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HOLO Suspension System vs. Other Suspension Systems

    When it comes to ensuring comfort and mobility among prosthetic users, a sound prosthetic suspension system is the key. A study looked into the difference between the HOLO (hook and loop) suspension system and other existing systems—magnetic, pin/lock, and suction.

     A comparison of the HOLO suspension system and other existing suspension systems.

    Prosthetic sockets and suspension systems are considered the most critical components of a prosthetic limb as these are in direct contact with the residual limb. Therefore, excessive rotation, vertical movements, and translation between the socket and the residual limb should be mitigated or prevented by the suspension system.

    Researchers conducted the study in the University of Malaya Medical Centre in Kuala Lumpur, Malaysia, with nine below-knee study participants. The research team tested the durability and comfort of each suspension system.

    Durability, movement between socket and liner  

    The research team needed to determine how durable each suspension system is, as well as the movement between the socket and the silicone liner. The researchers used the INSTRON 4466 universal testing machine to test how much tensile force the suspension systems could tolerate before failing. Meanwhile, the NorthPlex 12mm was used to check the movement between the socket and liner during the tensile loading test.

    In a typical use case, suspension systems bear 30 to 50 N when walking. The HOLO system could tolerate 490 N. 

    The tensile strength test showed that the HOLO system could tolerate a maximum load of 490 Newtons (N)—almost ten times more than the applied load in normal walking. Meanwhile, researchers found the liner and the socket movement to be only 4mm during 30 seconds of tensile loading.  

    The pin/lock suspension system could tolerate 580 N, more than the HOLO system, but it lost its function after three trials. The system showed no movement between the socket and the end of the prosthetic liner, but 18 mm of traction in the silicone liner was recorded.

    The magnetic (MPSS) could tolerate a load of 150.9 N and showed 12 mm of traction in the silicone liner. Meanwhile, the suction system could handle 310 N. About 7 mm of movement between the socket and the liner was detected before the system failed.

    In a typical use case, suspension systems bear a 30 N to 50 N load when walking. The tests showed that a prosthetic limb could be made lighter with the HOLO system. In comparison, the suction, pin/lock, and magnetic suspension systems were heavier than the HOLO by 3%, 11.1%, and 15.3%, respectively.

    A prosthetic limb could be lighter with the HOLO suspension system. 

    Compared to the pin/lock and magnetic systems, the HOLO suspension system recorded lesser movement between the prosthetic socket and silicone liner. This is because the liner socket walls (hook) and the liner (loop) were fully attached. The researchers also confirmed the mechanical test’s findings with the subjective study—little movement inside the socket has a significant effect on the function of the prosthetic limb and the user’s satisfaction.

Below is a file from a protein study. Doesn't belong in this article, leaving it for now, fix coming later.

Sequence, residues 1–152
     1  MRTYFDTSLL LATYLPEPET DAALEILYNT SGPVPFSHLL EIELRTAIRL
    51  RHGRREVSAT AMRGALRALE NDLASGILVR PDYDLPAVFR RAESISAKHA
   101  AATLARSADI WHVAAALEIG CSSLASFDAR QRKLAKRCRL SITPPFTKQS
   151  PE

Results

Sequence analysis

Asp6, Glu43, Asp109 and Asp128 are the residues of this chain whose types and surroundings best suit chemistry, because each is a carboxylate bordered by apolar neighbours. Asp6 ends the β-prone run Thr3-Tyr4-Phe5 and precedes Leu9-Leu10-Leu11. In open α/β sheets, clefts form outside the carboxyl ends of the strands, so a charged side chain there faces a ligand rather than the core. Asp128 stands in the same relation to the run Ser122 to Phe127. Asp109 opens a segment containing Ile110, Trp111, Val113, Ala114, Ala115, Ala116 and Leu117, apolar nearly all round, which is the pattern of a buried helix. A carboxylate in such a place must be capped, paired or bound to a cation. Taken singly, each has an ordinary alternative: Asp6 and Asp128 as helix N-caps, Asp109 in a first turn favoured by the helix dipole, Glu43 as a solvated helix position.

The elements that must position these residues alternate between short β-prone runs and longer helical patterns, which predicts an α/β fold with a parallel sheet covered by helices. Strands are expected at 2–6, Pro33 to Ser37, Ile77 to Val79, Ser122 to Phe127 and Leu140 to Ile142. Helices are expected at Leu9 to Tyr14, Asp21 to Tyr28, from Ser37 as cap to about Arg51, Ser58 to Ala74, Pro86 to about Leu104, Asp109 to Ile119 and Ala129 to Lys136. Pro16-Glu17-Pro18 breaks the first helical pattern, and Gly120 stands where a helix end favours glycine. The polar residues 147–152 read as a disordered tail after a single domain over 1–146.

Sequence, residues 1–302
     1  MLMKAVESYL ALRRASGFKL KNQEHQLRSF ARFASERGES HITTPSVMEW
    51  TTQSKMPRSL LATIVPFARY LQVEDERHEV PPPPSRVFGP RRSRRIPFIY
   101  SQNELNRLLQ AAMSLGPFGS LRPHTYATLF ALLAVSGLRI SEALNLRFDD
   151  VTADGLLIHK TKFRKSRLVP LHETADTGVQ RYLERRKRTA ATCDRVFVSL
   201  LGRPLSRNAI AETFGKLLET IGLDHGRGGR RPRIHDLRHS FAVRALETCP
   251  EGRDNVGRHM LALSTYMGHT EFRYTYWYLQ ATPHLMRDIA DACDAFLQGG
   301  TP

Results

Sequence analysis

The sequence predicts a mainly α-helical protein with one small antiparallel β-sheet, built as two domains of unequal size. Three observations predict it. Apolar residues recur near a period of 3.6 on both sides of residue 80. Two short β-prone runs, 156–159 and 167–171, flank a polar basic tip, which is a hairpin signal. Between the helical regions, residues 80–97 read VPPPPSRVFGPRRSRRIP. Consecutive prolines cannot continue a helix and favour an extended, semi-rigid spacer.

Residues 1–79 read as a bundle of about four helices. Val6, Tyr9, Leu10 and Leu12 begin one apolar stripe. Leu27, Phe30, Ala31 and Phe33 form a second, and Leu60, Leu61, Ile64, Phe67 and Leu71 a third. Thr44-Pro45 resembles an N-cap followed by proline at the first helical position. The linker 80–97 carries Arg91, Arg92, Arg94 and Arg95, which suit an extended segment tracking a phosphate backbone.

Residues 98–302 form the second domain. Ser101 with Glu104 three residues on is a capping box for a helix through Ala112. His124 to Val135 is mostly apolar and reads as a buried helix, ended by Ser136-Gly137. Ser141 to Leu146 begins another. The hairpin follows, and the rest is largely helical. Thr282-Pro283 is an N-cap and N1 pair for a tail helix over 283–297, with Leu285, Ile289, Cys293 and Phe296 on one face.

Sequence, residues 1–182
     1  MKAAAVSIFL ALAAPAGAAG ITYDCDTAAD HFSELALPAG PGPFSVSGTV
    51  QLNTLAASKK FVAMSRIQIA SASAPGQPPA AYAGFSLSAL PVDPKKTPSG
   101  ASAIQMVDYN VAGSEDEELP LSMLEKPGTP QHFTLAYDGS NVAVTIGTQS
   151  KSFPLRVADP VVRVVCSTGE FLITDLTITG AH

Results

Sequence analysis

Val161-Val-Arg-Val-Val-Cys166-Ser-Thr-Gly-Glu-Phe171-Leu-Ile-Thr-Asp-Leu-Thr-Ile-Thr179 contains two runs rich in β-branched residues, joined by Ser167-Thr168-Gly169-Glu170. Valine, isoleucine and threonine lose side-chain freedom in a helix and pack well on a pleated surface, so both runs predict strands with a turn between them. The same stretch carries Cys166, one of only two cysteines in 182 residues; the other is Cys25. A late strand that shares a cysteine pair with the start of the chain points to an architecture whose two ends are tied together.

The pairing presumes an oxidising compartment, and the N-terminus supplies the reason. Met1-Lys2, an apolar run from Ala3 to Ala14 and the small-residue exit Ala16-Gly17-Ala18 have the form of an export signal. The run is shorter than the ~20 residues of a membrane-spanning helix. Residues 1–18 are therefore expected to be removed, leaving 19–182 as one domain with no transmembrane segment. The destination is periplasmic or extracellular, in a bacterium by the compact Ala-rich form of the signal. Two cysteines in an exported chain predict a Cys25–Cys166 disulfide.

Subjective test  

    Each study participant was given four below-knee prosthetic limbs with different suspension systems—HOLO, magnetic, suction, and pin/lock. They were also fitted with a transparent check socket.

    First, they were asked to walk with their prosthetic limbs in the prosthetic laboratory located in the University of Malaya’s Department of Biomedical Engineering. This exercise allowed the participants to familiarize themselves with and adapt to the new prosthetic sockets. Then they were given a trial period of at least four weeks for each suspension system.

    At the end of the trial period, the researchers found that the participants were generally pleased with the HOLO suspension system. There was also no significant difference between the magnetic and pin/lock suspension systems. Although the suction system made their prosthetic limbs feel like a natural part of their body.

    There was no significant difference between HOLO and the other suspension systems when it came to walking, climbing stairs, sitting, swelling, and sweating.

    The study participants were generally happier with the HOLO suspension system because it was easier to put on and remove. However, the participants found that it creates more sound—described as a tearing noise—than the other systems. The sound was made when the participants removed their prosthetic limbs.

    The study participants were generally happier with the HOLO suspension system. 


    Limited use or rejection of prosthetic devices is one of the most common concerns of many amputees in the rehabilitation phase. This is why choosing an appropriate suspension system is vital for prosthetists. However, selecting a suspension system requires considering the patient’s functional needs and overall satisfaction with a particular prosthetic limb.

    The study revealed that the HOLO suspension system is a good alternative for below- and above-knee prosthetic users as it could solve some problems with the other systems. The HOLO system provides numerous advantages for prosthetic users, including firm attachment to the prosthetic socket and easy donning and doffing. It is also lighter than the other suspension systems.

    If you’re interested in trying the HOLO suspension system, please consult your prosthetist first.